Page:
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the B-Lab


chipmunk project

The Chipmunk Project

The main aim of the chipmunk project (initiated in 2005) is to investigate and quantify the effects of both genetic and environmental factors on the phenotypic variability in a population of Eastern chipmunks (Tamias striatus). Our study site is located nearby Mansonville, in the Monts Sutton region (Qc).

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 In collaboration with Dany Garant (UdeS) and Denis Réale (UQAM), we investigate the links between genetic, physiological and behavioural traits along with their effects on chipmunks fitness in a context of pulsed resources driven by the dynamic of masting trees.

Wood frog project

The Wood Frog & Snail Project

Modern agriculture uses several agrochemical compounds that affect many non-target organisms. In amphibians, the use of both aquatic and terrestrial environments and their semi-permeable skin make them particularly vulnerable to contaminants.


In this project, we study the effect of pesticides on the development of Wood Frog tadpoles under different conditions. We look at metamorphosis time and growth rate on larvae in an outside experimental mesocosm directly on campus!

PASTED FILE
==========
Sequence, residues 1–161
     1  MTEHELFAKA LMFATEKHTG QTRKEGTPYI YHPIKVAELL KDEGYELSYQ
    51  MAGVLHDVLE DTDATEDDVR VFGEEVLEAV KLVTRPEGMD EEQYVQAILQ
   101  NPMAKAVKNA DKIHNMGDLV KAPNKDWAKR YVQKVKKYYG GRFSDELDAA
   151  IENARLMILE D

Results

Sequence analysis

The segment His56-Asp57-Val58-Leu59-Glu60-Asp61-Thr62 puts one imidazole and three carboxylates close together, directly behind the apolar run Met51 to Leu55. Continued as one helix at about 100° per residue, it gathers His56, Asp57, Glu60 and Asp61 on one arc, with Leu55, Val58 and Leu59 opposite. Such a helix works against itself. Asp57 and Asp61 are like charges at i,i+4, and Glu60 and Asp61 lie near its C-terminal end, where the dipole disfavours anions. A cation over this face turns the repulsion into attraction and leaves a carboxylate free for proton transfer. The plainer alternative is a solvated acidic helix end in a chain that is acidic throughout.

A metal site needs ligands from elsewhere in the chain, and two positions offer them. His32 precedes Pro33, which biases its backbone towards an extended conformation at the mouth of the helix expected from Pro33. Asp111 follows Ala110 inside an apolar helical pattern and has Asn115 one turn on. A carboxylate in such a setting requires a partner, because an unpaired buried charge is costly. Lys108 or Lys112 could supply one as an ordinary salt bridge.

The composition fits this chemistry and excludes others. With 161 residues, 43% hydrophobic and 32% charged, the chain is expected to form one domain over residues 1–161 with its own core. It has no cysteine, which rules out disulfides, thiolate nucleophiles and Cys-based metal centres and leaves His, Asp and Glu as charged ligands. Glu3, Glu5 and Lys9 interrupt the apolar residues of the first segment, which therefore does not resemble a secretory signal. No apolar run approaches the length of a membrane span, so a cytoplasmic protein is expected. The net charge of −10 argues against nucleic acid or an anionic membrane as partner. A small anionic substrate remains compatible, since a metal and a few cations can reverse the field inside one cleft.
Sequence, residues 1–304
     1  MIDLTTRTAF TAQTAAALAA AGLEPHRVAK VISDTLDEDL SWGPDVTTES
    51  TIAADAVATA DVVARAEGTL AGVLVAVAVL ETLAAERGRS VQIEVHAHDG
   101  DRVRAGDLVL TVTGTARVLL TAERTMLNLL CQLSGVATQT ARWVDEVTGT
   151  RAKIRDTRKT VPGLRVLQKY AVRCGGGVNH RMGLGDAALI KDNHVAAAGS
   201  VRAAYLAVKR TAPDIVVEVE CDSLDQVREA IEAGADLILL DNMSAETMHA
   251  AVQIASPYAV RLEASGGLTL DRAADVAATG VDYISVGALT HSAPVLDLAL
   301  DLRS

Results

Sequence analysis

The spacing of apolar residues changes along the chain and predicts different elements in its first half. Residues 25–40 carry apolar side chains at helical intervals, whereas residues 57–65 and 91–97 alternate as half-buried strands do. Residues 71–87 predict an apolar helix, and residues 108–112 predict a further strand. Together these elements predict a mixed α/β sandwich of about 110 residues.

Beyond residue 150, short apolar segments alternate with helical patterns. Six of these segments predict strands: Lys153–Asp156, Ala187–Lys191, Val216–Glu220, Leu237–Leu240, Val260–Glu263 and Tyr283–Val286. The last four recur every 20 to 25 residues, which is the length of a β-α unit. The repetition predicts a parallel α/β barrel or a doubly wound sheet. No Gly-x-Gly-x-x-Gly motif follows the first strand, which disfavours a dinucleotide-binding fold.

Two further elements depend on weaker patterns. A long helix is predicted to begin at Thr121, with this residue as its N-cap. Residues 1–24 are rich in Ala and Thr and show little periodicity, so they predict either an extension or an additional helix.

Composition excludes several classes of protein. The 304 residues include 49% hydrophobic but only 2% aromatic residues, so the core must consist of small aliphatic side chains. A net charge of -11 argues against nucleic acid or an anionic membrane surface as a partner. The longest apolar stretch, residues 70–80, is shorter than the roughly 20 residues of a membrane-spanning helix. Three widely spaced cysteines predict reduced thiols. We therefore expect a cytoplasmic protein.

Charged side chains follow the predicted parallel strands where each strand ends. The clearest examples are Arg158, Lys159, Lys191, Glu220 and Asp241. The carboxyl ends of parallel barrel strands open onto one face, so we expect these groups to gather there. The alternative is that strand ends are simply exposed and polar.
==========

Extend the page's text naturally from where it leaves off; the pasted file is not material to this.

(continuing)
human project

The Pre-Industrial Human Project

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The study of pre-industrial human populations offers a unique opportunity to answer questions in evolutionary biology that require longitudinal data over many generations. The dataset from the Registre de Population du Quebec Ancien is remarkable: it includes the life histories of more than 800,000 individuals born between 1608 and 1750.

In collaboration with Fanie Pelletier (UdeS), Lisa Dillon (UdeM) and Alain Gagnon (UdeM), we investigate life-history trade-offs and the effect of environmental conditions experienced in early in life and potential delayed carry-over effects on life-history traits expressed as adult.

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